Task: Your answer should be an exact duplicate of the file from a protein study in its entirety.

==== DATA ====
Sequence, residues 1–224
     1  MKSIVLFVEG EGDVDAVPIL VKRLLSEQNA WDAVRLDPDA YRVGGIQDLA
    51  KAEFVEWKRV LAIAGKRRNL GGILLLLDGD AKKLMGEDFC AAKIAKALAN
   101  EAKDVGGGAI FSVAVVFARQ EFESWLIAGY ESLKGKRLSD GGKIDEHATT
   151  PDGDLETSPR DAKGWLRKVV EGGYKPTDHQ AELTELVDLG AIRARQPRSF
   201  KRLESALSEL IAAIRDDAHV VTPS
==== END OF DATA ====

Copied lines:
Sequence, residues 1–224
     1  MKSIVLFVEG EGDVDAVPIL VKRLLSEQNA WDAVRLDPDA YRVGGIQDLA
    51  KAEFVEWKRV LAIAGKRRNL GGILLLLDGD AKKLMGEDFC AAKIAKALAN
   101  EAKDVGGGAI FSVAVVFARQ EFESWLIAGY ESLKGKRLSD GGKIDEHATT
   151  PDGDLETSPR DAKGWLRKVV EGGYKPTDHQ AELTELVDLG AIRARQPRSF
   201  KRLESALSEL IAAIRDDAHV VTPS